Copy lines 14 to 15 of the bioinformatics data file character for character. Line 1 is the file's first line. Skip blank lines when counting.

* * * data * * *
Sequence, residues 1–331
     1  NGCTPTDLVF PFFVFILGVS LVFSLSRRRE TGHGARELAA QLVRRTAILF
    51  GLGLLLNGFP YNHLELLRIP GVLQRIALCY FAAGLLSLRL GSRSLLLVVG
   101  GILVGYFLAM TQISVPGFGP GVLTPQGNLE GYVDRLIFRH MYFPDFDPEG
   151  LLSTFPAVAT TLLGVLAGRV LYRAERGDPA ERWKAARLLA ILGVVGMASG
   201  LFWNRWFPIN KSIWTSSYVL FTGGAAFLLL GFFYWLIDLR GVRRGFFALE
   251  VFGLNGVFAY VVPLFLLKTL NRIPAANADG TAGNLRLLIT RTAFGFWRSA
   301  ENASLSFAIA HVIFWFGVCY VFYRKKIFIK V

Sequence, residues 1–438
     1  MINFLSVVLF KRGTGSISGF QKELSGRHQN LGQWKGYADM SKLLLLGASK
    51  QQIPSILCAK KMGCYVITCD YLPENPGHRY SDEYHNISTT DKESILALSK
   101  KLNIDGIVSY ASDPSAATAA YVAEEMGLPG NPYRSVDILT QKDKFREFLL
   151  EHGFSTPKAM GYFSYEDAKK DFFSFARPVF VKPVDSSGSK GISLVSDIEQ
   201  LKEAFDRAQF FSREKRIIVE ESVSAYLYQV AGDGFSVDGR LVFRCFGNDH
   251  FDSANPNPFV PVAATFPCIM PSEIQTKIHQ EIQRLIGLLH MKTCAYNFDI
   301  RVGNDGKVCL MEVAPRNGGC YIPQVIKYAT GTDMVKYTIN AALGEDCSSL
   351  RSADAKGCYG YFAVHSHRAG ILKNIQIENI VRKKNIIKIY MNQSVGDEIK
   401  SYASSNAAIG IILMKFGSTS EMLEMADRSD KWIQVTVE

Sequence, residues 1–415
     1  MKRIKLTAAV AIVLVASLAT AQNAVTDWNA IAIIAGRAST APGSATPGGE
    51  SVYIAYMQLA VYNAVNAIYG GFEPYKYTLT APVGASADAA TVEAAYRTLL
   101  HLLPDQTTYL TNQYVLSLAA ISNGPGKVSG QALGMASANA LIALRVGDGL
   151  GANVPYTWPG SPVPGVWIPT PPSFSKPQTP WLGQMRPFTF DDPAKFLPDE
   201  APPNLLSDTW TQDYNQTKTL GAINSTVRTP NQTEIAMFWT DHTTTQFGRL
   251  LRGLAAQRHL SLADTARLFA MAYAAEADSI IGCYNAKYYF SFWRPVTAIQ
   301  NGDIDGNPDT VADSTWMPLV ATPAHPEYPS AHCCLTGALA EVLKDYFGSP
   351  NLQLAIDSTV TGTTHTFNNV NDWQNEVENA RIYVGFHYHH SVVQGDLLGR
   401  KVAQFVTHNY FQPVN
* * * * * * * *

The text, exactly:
   201  LKEAFDRAQF FSREKRIIVE ESVSAYLYQV AGDGFSVDGR LVFRCFGNDH
   251  FDSANPNPFV PVAATFPCIM PSEIQTKIHQ EIQRLIGLLH MKTCAYNFDI